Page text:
canadian ~ twenty-first century literature since 1999

Play the Monster Blind
by Lynn Coady
Doubleday, 2000

Reviewed by Harold Hoefle

Play the Monster Blind, Lynn Coady's new collection of short fiction, will wow you. Any reader who finds fault with her plots, characterizations, or style would be merely revealing the source of their own criticism - jealousy. For story-writing rarely gets better. Of course, many writers describe well the nuances of womanly thought and feeling, but these authors don't make you laugh very often, and when they do it's an ironic in-your-head chuckle. Coady's bag of insights is as big as anyone else's, yet her humour will make you clutch your stomach and laugh aloud.

Here's a man whose daughter comes home late, swearing and holding a take-out: "You're getting a mouth. ... You're eating chicken. You have to go back to religion." Another dad, angry at the drunk he's trying to help: "You're more full of shit that my own arse." And the single mother who's just been offered a job, knowing it is "such a rare thing that to refuse would be like showing your middle finger to God just when he was in a good mood." Coady's voice, her sensibility? Pretend Flann O'Brien was a woman and randy James Joyce had not met Nora Barnacle, then pretend sexual communion and the birth of a girl - that girl would be watchful, scatological, lyric and playful. Lynn Coady.

Nine of the eleven stories in this collection are set in Cape Breton, the other two in British Columbia. In terms of character, diction, and tone, Coady shows impressive variety and modulation. In "A Great Man's Passing," a young woman returns to Cape Breton after years away - a common Coady plot-starter. In a time of coping with single motherhood, she meets her old friend Cookie Sloane at the tavern, and he tells her about sex:

Mummy told me you was living down here now. ... Said you got knocked up and have a little boy now. That can be tough, eh?. ... I'm saying to Mary Catherine [his sister] all the time, 'Now don't you fuck! I don't care how bored you get, don't do it.' It's not all that much fun anyhow and it gives a lot of stupid bastards something to talk about and a person to feel superior to. But I suppose the girls've gotta get their rocks off somehow, too, that's only fair.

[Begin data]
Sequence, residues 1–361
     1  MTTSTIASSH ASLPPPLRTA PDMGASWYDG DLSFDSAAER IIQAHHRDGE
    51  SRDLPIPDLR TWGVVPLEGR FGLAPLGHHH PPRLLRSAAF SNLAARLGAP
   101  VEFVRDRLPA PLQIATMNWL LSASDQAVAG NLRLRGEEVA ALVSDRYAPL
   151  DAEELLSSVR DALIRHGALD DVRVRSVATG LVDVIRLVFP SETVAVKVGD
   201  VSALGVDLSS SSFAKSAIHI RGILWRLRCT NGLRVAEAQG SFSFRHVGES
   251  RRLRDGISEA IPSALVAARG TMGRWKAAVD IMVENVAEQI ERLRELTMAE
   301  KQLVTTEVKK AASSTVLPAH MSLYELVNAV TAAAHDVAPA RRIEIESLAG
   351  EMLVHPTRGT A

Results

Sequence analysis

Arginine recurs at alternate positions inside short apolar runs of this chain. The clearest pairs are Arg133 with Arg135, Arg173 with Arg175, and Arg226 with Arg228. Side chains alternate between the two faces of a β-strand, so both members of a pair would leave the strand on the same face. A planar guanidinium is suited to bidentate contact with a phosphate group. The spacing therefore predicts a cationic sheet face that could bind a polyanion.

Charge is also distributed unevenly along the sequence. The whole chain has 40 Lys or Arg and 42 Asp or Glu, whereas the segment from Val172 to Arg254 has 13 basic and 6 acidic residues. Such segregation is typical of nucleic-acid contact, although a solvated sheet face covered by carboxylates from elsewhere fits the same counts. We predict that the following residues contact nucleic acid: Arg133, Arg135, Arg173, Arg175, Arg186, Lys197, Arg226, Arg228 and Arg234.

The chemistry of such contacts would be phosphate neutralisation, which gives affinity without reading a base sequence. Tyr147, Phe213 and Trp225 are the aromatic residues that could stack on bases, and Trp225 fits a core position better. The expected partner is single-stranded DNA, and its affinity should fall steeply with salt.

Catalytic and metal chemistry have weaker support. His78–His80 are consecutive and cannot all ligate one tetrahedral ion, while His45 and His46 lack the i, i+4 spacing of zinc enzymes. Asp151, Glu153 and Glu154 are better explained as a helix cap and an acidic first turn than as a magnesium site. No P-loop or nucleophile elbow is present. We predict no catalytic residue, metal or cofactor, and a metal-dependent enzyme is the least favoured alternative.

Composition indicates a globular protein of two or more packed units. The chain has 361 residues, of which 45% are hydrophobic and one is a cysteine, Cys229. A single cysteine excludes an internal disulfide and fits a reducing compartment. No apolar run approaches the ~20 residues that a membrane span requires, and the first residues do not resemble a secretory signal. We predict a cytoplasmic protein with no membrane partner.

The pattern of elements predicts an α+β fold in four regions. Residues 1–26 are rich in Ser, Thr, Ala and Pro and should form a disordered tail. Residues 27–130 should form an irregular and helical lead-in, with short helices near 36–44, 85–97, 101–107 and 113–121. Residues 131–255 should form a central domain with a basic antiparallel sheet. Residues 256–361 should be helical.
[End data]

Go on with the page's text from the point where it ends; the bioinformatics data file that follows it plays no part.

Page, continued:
Coady moves easily from serio-comic, colloquial speech to sentences that echo David Adams Richards. In "Ice-Cream Man" she describes a girl's memory of living with her bath-loving, now-dead mother: "And the whole hallway saturated with the smell of lavender and honey and Jim Beam, still hanging in the air when you're getting up for school." The sensory-detail and despair mix - you see the picture and feel the dragging-down atmosphere.

Coady's stories have women narrators and protagonists who, refreshingly un-self-involved, get through their tough moments with face-the-fumes stoicism. With convincing honesty and shrewdness, they describe themselves - that "boring useless anxiety dream" - and the people and situations around them. For example, on attitudes to children: "Children are the only people that other people stare at without worrying about it. Children aren't supposed to notice, or care." You get the sense that Coady understands people, but it's an understanding lined with humility. In "Run Every Day," a woman recalls Gerald, the wild childhood friend who would point to someone on television and crow "That's just like me!" though there was no apparent resemblance. "But I understood what he meant. It was just like the way that he was in his head. I understood how difficult it was to show people how you really were in your head."

Reading these stories and knowing that Coady lived for many years in Port Hawkesbury, the temptation is to slot her into the tradition of past and present Maritime writers: people like Hugh MacLennan, Alistair MacLeod, Richards, and Ann-Marie MacDonald. But these writers are Maritime writers by a stroke of genetic and geographic fate, and their greatness derives not from where they grew up, but from the way they write. If Lynn Coady had grown up in Kathmandu, she would be a great Nepalese writer. As things stand, however, I'll call her Canadian, and say that Play the Monster Blind, is as good a story-collection as this country has seen. Coady, thirty years old and with awards for both her plays and the novel Strange Heaven (1998) behind her, is the author you should go to next. If you haven't already.


Harold Hoefle teaches literature in a Montreal high school, and his story "Spray Job" appeared in the Fall 1999 issue of The Nashwaak Review.







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